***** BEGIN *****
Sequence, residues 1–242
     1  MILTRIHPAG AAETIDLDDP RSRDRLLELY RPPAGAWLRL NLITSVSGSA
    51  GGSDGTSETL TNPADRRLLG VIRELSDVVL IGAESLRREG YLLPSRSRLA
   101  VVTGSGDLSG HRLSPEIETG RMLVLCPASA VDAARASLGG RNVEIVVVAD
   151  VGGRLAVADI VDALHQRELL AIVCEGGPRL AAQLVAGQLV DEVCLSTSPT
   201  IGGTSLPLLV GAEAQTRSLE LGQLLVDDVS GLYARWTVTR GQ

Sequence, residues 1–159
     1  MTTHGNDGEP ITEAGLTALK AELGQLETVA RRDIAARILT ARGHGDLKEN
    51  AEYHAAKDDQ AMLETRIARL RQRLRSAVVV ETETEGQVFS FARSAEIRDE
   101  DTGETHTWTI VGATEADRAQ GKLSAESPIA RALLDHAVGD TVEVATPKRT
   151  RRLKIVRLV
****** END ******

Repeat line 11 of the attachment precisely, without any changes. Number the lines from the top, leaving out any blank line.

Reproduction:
   151  RRLKIVRLV